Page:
Mac users will be well aware of the “spinning wheel of death” or the “rainbow wheel”. That damn frustrating, continuous spinning, caused when you open too many programs or when your network or Internet connection is lagging. PC users will know this as a spinning cursor – the dead time when you wait for a program to load or page to open.
That spinning wheel means much more than a slow response from your computer, the program or web page you are trying to open. It’s eating away at your business profits. It should be sending alarm bells to every business.
Spinning Wheel Of Leaking Profits
Not just frustrating for any employee trying to get work done, that spinning wheel effects businesses from office desktops right up to the next board meeting on profits. It should be a danger sign to any business owner or CEO, because it means downtime.
This downtime might be milliseconds at a time, seconds every hour or worse, minutes a day. These precious seconds and minutes ultimately add up to loss of workplace productivity, output and crucially, profits. As the age old saying goes; “time is money” and computer, network or Internet lag, is time that an employee can not perform the services they are paid for.
Spinning Wheels Hurt Silicon Valley Businesses More
This couldn’t be more important for Silicon Valley companies, the most expensive area in the United States to rent commercial office space (even more than Manhattan). Silicon Valley companies and businesses also put a working roof over the heads of some of the highest paid employees in the world.
How much is it costing Silicon Valley companies?
Likely, more than you think. Here is a very basic example; let’s say our Data Scientist, (we’ll call him Bob), earns the average salary of a Silicon Valley Data Scientist of $200,000 a year. Data is a hot commodity now as companies need people to manage and make decisions from user data.
On average, Bob works 45 hours a week for fifty weeks of the year…..which is 2250 hours (135,000 minutes) in the workplace, equalling an hourly rate of $88.88. Note: this is an estimate on average working hours for this position. We found a wealth of information on salaries in Silicon Valley, however information on average working hours was difficult to find).
Bobs hates when he sees that spinning wheel on his Mac. What an unwelcome distraction from his data management software, not to mention a delay on his data backup service. His company has a very solid business grade Internet connection usually, but the growing amount of data that Bob deals with on a day to day basis is slowing things down.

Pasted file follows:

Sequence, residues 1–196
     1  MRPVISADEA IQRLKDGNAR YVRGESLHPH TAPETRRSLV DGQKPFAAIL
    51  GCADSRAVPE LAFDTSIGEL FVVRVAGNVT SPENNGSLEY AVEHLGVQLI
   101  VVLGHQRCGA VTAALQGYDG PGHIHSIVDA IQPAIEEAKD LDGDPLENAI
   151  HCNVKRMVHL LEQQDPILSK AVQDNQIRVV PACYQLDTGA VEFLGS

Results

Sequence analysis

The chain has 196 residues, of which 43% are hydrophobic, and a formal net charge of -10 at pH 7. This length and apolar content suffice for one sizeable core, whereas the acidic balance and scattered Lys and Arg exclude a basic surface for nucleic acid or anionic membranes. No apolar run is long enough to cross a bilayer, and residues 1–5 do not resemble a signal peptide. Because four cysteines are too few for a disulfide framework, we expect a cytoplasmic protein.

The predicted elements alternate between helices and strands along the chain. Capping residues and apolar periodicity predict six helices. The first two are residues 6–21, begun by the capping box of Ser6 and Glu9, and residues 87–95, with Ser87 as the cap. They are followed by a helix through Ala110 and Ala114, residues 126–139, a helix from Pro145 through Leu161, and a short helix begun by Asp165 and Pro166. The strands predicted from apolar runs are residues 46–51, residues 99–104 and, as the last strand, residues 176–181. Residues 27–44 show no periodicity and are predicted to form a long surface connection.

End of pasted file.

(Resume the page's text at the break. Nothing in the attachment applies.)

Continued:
Bob decides to tally all the time his wheel spins in a day;
- 3 minutes total over his 9 hour working day =
- 15 minutes a week =
- 750 minutes in his fifty week working year = 12.5 hours a year Bob spends waiting to work while….at work. Zero productivity.
These 12.5 hours a year (longer if Bob works more hours) for which Bob is compensated for, at his average hourly rate of $88.88 = $1,111 per year, for a 0% return to the business.
Nothing against Bob – he is an expert in his trade and this is what he signed up for. But as a business owner, CEO, CTO or IT Director, the overall financial impact and effect on efficiency is much larger. That’s only Bob who’s waiting to get back to work. Think about the size of your work force 10? 20? 50? 100? 1,000? 10,000? That spinning wheel adds up to a big time cost and a sink hole of productivity.
Learn About Latency At Your Business
Lessening spinning wheels and these small increments of “downtime” across a business network is achieved with lower latency. Latency can apply to both networks, fiber optics and computers. Go ahead and read the exact definition, here.
What’s a good level of latency? It depends. Generally, the lower the better. It means less downtime and less spinning wheels. As a benchmark, we have achieved a 4ms latency for a large business customer with our fiber optic internet service.
Go ahead and ask your IT department about latency the next time Mr Spinny Wheel pops up. Remember to always report or raise a ticket with your IT Department if you’re experiencing slow responses or this sort of downtime multiple times a day.